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Summer House Expansion Creates Private Courtyard

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Dan Gayfer Field Design received a brief from his clients to create additional space within the site of their summerhouse to support the needs of a family year round. Located south west of Melbourne, Australia, the architects needed to take the climate into consideration when designing the expansion to the Wildcoast project. Sudden rainfalls, hot western sun and ocean winds are a constant concern so the architects created an expansion that could be considered both an indoor and an outdoor space. The new addition is built at right angles to the existing summerhouse and is accessed through the main kitchen. The walls facing into the courtyard are completely opened up as the bad weather does not approach from that direction.

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The courtyard wall of the addition, acts as a covered extension to the poolside terrace, and within the addition is a small kitchen, a dining area and a social zone complete with TV and fireplace.


The social zone is created with wrap around bench seating that features a Caesarstone bench top. The Caesarstone continues around and into the kitchen and both areas are tucked under a long row of windows with cedar bifolds.


The cedar bifolds on the windows can be closed up tight when the weather is less then perfect. The bifolds are custom made and are finished with a fire retardant to meet local planning conditions.


The bench seating wraps 3 sides of the social zone and comes to an end when it meets up with the fireplace. The fireplace surround is clad in an amber porcelain tile that is reminiscent of the beach houses of yesteryear but adds in the modern touch of a flat screen TV niche.


The 3 zones of the new extension feature Spotted Gum, Western Red Cedar and Russian Birch, creating a warm palette of natural woods that is balanced against the cooler tones of the white walls, polished concrete flooring and black chairs. This cozy hangout is the perfect viewing spot for adults while children play in the courtyard or swim in the pool.


The dining area within the addition is large enough to sit 10 with an 11th easily squeezed in on the bench side. The bench is back to back with the seating in the social zone and both share the same Caesarstone bench top.


The addition forms a white cube next to the original dark grey summerhouse. The swath of red cedar bifolds break up the expanse of white and when the bifolds are open they offer a peak into the courtyard beyond.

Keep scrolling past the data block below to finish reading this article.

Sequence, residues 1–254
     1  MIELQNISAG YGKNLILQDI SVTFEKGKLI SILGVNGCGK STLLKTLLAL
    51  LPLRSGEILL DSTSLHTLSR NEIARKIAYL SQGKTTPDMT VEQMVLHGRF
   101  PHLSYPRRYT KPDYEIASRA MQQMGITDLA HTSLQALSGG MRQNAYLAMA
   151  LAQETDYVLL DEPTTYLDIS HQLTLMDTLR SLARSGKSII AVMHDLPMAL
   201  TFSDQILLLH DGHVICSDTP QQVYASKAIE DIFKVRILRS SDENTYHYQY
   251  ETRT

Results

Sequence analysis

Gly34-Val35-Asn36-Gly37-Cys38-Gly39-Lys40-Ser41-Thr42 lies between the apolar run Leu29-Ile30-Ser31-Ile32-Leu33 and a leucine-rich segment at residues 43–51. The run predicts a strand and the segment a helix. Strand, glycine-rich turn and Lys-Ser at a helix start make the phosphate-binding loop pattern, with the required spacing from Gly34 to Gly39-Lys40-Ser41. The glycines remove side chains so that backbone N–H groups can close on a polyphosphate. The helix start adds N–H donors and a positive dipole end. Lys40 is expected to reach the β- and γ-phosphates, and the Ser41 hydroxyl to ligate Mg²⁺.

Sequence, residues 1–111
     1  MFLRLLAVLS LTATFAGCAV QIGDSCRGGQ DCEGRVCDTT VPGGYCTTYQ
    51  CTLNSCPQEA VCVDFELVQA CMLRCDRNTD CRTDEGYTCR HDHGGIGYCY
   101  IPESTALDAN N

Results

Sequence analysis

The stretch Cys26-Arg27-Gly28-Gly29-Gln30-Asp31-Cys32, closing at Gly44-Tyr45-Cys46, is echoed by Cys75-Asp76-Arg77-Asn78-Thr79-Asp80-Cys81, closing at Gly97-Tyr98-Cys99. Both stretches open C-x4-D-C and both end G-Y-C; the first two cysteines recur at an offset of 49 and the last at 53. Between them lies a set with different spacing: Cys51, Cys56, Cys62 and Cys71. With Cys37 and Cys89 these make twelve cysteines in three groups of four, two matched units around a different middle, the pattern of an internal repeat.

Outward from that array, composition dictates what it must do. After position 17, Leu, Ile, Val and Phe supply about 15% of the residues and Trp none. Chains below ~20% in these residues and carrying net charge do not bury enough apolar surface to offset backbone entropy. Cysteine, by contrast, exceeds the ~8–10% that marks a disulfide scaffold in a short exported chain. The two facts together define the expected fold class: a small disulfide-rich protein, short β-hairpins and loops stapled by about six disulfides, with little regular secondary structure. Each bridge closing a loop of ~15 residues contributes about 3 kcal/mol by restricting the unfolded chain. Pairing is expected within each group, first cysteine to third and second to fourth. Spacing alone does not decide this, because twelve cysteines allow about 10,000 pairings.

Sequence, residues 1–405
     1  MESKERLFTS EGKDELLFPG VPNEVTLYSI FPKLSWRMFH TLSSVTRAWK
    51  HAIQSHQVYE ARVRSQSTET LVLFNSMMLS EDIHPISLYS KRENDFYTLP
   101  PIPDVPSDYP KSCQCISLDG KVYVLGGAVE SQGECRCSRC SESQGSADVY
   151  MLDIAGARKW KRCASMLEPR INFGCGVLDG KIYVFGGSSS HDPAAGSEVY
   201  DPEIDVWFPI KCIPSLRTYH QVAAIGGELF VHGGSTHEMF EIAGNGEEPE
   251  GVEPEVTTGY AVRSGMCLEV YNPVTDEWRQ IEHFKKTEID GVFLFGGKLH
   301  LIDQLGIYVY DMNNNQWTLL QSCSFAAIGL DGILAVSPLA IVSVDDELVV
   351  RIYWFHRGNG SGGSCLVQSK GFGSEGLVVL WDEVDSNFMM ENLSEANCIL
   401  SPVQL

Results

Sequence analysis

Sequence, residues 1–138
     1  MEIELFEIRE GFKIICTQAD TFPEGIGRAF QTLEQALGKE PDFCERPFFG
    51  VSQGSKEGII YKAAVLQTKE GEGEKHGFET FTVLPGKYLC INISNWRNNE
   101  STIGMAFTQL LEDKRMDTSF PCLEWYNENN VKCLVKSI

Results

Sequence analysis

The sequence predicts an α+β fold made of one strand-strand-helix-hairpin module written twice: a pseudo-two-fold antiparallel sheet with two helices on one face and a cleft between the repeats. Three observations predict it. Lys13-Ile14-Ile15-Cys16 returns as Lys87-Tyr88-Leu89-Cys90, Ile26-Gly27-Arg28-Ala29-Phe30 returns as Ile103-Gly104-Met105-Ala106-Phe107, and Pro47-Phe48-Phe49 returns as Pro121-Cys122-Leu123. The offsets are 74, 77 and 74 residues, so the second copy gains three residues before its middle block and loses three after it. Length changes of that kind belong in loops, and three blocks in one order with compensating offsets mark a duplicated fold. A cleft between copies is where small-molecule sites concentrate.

When the bifolds are all closed, the white cube has a graphic geometric presence that plays off of the natural landscape without overpowering it.


The extension is framed with a walkway that curves around the angular wall before following the line of the pool


The curved wall that separates the pool from the walkway was built to comply with local safety regulations. A tempered glass safety fence separates the pool from the inner courtyard as well.


To create a feature out of the safety wall, the architects curved it and in so doing they defined the shape of the pool itself. The curvy line of the wall combined with the cubular shape of the addition offers a mid-century aesthetic to the site.


The safety wall is clad in grey extra long porcelain finger tiles placed vertically for a contemporary juxtaposition next to the classic blue mosaics of the pool and spa.


The blue mosaic tiles of the pool sparkle brightly against the grey finger tiles and grey granite pavers.


The tempered glass safety fence is almost invisible and allows for an uninterrupted view line to and from the pool.


The choice of landscaping the courtyard with two trees, one surrounded by a patch of grass and one surrounded by gravel, is a modernist art statement that creates visual interest while keeping the courtyard open and free of clutter.


That same clean lined aesthetic is prevalent in the interior zones of the addition, but rather then having a modernist aesthetic, the interior embraces a more retro influence.


The combination of modern and retro creates a harmonious atmosphere of wide open spaces and cozy living all contained within an equal balance of warm and cool palettes that are punched up with moments of blue, green and amber.


The new addition is designed to make the most of its small footprint.


By building the addition at right angles to the original beach house and adding in the curved poolside wall, the outdoor area turned into an enclosed and private courtyard.
Dan Gayfer Field Design
Photography by Dean Bradley Photography



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